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Braving the Arctic Wilds in Porjus

I am not a cold weather person. If the temperature gets down to 15C in Brisbane, I wear at least jeans and a jumper. In the dead of winter (as if that ever happens in Queensland), I can be found sitting on the couch wrapped in a very thick blanket. I shiver when I have to unwrap and move around the house.

My phone said it was cold.

My phone said it was somewhat cold.

So why did I go to Swedish Lapland in January? Why, when the temperature at that time of year sometimes verges on -35C? Surely I would spend the entire time trying to make my teeth stop chattering.

Well, I didn’t have much of a choice. Work was sending me there in January, so I was going in January, -35C or not. And while my work didn’t take me as far north as Porjus, the small town just north of the Arctic Circle where I spent my first three days, I couldn’t miss the chance to a) go to the Arctic in winter and b) see the northern lights.

But despite what some people may think, I was actually excited about the cold and experiencing such a foreign climate. I’d never been anywhere like it. I was excited about going somewhere so completely new and unfamiliar, especially because it was paired with a new and unfamiliar culture.

The main road into Porjus.

The main road into Porjus.

And you know what? I loved it. Sure, there were a few bumps in the road. I ran into a bit of a language barrier because I didn’t even know basic Swedish. I broke my leg trying to catch a bus (although I at least didn’t do it badly enough that it ruined the rest of the trip). It snowed continuously for the entire time I was up there, filling the sky with gray clouds. But it was fun.

The lonely shed

A lonely shed standing near the main road.

It was fun wandering the streets of Porjus. Even though the light was terrible — everything was cast with a bluish-gray light very similar to some of the scenes in The Girl with the Dragon Tattoo — I took a lot of photos of the very picturesque town.

The houses were little beacons of red caked in a thick white icing. Christmas trees still twinkled in their windows. Huskies sat outside front doors, always on high alert and looking as warm as can be despite the snowflakes clinging to their fur. Cars cautiously made their way down roads that had been plowed a few days prior; watching a few of them fishtailing around corners brought home exactly why car manufacturers like to test their traction control systems on a nearby lake throughout the winter months.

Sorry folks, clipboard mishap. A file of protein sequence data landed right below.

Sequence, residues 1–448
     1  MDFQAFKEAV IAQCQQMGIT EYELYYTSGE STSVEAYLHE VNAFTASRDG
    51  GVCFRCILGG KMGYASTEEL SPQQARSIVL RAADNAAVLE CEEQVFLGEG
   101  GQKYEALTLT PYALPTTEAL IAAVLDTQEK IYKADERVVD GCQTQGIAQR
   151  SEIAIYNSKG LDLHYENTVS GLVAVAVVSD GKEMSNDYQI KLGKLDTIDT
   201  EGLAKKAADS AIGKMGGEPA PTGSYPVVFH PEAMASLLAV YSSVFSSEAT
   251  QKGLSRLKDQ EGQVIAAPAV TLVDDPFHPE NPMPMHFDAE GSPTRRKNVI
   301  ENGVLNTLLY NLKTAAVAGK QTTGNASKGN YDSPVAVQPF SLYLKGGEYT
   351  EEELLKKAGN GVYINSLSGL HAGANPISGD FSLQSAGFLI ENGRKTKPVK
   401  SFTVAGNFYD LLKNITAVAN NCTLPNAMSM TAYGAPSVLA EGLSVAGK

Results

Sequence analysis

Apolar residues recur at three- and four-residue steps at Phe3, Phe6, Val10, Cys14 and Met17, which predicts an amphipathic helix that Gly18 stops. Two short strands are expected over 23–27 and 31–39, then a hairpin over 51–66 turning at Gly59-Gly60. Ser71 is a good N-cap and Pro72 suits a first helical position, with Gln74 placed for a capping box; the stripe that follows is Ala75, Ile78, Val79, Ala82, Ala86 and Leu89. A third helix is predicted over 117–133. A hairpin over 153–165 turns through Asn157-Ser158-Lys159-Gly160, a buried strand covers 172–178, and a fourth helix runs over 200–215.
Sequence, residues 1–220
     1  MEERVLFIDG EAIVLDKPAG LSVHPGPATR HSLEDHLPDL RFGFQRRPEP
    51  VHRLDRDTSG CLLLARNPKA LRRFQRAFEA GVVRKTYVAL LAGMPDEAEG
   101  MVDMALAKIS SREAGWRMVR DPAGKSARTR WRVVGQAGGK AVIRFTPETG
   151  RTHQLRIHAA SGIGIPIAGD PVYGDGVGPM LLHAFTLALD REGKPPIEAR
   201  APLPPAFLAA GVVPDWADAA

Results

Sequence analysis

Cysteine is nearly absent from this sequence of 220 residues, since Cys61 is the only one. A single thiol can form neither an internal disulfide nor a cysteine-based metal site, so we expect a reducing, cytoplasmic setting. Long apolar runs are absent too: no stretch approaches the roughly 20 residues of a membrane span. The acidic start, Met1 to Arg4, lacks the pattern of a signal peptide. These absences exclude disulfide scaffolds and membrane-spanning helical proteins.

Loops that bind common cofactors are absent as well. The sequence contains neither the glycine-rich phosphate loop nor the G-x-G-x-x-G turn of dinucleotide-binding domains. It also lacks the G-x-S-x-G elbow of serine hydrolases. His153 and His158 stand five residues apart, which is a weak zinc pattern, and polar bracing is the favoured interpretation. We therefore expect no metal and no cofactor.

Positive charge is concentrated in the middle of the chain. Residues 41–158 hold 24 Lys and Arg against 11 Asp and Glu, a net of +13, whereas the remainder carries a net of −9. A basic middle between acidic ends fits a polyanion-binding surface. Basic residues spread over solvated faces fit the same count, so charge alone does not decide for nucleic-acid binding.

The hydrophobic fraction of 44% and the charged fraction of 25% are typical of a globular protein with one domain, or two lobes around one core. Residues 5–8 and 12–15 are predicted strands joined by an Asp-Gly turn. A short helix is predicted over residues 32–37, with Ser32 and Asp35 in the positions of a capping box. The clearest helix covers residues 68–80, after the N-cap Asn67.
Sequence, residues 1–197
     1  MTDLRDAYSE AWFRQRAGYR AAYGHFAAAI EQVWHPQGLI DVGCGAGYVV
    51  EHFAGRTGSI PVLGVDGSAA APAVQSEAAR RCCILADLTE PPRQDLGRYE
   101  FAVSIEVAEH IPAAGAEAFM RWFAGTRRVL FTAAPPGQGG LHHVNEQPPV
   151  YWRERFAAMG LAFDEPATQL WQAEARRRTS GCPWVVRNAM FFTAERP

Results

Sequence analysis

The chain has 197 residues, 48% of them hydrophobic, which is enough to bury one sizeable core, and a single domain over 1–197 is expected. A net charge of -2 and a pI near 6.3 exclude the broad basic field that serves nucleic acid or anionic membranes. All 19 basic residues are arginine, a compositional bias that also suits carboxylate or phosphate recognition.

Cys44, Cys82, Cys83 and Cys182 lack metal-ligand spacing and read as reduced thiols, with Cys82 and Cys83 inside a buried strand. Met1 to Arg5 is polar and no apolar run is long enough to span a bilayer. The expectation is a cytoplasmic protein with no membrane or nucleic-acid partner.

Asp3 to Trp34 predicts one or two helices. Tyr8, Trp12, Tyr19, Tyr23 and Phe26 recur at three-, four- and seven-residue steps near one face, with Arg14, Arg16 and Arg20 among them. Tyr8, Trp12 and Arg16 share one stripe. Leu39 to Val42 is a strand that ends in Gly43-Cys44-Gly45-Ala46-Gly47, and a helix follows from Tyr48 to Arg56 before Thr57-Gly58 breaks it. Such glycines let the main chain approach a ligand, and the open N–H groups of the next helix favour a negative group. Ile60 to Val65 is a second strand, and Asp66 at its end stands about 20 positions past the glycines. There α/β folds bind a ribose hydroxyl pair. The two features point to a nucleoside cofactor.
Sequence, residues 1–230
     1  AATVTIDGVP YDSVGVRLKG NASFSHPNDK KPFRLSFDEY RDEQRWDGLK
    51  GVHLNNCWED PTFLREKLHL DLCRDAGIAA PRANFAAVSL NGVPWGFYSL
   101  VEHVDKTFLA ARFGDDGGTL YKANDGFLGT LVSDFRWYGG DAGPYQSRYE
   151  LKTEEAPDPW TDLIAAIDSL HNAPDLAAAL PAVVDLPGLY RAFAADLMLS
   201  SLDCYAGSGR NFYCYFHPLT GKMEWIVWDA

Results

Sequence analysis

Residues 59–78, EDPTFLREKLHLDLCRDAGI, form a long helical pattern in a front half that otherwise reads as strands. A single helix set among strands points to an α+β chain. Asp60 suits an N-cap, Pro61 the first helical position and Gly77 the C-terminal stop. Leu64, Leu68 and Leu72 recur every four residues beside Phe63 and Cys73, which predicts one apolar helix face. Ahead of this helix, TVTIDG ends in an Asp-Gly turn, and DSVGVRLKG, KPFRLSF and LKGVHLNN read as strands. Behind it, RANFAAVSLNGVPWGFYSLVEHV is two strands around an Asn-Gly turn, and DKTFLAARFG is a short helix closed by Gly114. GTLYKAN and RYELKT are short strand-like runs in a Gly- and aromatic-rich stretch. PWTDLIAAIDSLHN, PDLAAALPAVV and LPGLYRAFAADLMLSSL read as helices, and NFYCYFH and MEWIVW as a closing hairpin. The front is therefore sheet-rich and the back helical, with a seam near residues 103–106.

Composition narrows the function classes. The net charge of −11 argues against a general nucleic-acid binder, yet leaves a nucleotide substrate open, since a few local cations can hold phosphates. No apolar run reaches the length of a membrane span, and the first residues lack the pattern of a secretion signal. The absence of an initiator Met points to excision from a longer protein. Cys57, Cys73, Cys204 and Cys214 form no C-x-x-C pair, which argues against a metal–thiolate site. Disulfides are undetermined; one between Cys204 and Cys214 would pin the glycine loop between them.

Picturesque red houses in Porjus.

One of the many picturesque houses that dotted the town.

I know I looked like a tourist — for one, I was wearing a hi-vis vest to help cars pick my otherwise very white jacket and me out from the rest of the snowy scenery — but the few people that were out and about offered me a cheery ‘Hej!’ as I wandered past.

Me in Porjus

I'm wearing a hi-vis vest and a Swans beanie and I look like I'm freezing. Yeah, I'm a tourist.

I ended up getting very distracted from my original mission, which was to follow the map that Patricia, the owner of the Northern Lights Apartments, had drawn for me in the snow before I left. I wanted to wander through the forest to the base of the ski hill, but I never did get that far. I was too busy staring in wonder at children’s playgrounds that had slides only just peeking out over the thick layer of snow.

There were two things that really struck me during that wander, one of which was really brought home to me later that evening when I was standing outside looking for the northern lights.

Buried in Snow

That bike isn't going to be useful for a while.

The first was the snowflakes. It was steadily snowing, and some of that snow landed on my black camera. Because I hadn’t gotten a chance to buy heatpacks to put in my camera cover, the camera was just as cold as the air around it — but that meant that I could actually see each individual snowflake that landed on it because they didn’t melt! I must have looked silly, standing and staring at my camera for so long, but I was entranced. Being such a stranger to snow, I thought snowflakes were too small to ever actually see, but I could see the individual structure of each one. It was so cool.

The second was the silence. Sure, in Porjus there were the occasional sounds of cars, snowplows, and people’s voices, but otherwise, there was nothing. This was amplified as I stood outside on my own in the middle of the night. The clicking of my camera shutter seemed deafening and unnecessary; the crunching of the snow under my boots even moreso. The silence was profound — not a single bird or arctic fox moved. The wind had died, so there was nothing to rustle through the trees.

The guard husky

Even this husky was silent.

Usually, I start to feel a bit uneasy when I am in an unknown place, alone in a silent night, but here I wasn’t. Here, it just seemed right. Despite the fact that even in the Arctic Circle, I was connected to the world by both phone reception and wireless internet, I had finally found my peaceful hideaway from the world. It felt wrong for my mind to be racing, thinking about work or why the northern lights weren’t visible. So I didn’t, and it felt great.

I may not have come back from Porjus with memories of the skies lighting up green before my eyes, but I did come back with the memory of just how relaxed and happy (and surprisingly, warm) I felt there. And that’s what matters.

Have you ever been anywhere that’s amazed you…in a completely different way than you were expecting?

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